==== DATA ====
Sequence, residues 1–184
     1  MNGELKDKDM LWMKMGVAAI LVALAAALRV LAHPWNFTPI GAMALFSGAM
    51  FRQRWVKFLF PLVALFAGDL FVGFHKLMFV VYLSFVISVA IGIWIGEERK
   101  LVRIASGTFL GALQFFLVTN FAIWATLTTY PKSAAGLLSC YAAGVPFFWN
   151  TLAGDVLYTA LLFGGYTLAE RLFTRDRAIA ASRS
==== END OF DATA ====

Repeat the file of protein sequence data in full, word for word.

Sequence, residues 1–184
     1  MNGELKDKDM LWMKMGVAAI LVALAAALRV LAHPWNFTPI GAMALFSGAM
    51  FRQRWVKFLF PLVALFAGDL FVGFHKLMFV VYLSFVISVA IGIWIGEERK
   101  LVRIASGTFL GALQFFLVTN FAIWATLTTY PKSAAGLLSC YAAGVPFFWN
   151  TLAGDVLYTA LLFGGYTLAE RLFTRDRAIA ASRS